Eleanor Thomas v Benjamin Thomas
Citations: (1842) 2 QBR 851; 114 ER 330.
The defendant was the executor for the estate of the claimant’s deceased husband. Before he died, the husband expressed the wish that the defendant transfer the claimant a life interest in a particular house. After the husband died, the defendant offered to convey to the claimant a life interest in the house if she agreed to maintain it and pay a contribution towards the ground rent. The claimant agreed.
The defendant later went back on his offer, so the claimant sued for breach of contract. The defendant argued that the claimant had not provided any consideration for the agreement, so there was no contract. He argued that this was because his motivation to enter the contract was his feelings of moral obligation towards the dead husband.
- Had the parties provided consideration for the agreement?
The High Court held in favour of the claimant. Her agreement to pay a contribution to the ground rent and maintain the house was legally valuable. She therefore provided good consideration. The defendant’s grant of an interest in the house meant that he also provided good consideration. His motive for providing the consideration was irrelevant.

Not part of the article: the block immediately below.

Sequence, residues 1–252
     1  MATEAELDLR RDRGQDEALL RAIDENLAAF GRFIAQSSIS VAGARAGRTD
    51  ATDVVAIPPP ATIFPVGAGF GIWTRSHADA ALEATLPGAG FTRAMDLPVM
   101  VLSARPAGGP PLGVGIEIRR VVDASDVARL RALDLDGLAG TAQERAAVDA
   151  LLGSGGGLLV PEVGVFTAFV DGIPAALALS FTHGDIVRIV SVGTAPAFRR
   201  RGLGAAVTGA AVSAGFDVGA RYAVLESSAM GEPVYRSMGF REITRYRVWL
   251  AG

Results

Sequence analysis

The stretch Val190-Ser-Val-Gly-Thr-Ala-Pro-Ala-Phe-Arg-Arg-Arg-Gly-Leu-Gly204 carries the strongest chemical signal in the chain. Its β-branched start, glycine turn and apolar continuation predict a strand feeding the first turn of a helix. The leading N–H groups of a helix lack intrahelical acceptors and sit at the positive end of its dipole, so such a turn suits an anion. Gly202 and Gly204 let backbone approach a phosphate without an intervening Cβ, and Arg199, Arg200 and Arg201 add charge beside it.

This Case is Authority For…
The provision of anything which the law considers to be a benefit on the other party is valid consideration. The party’s motive for agreeing to the contract is not relevant to whether something is consideration.
Patteson J noted that purely moral or emotional benefits will not constitute good consideration. For example, in this case, if the only benefit which the claimant had provided the defendant was the feeling of satisfaction for having fulfilled the dead man’s wishes, this would not be valid consideration.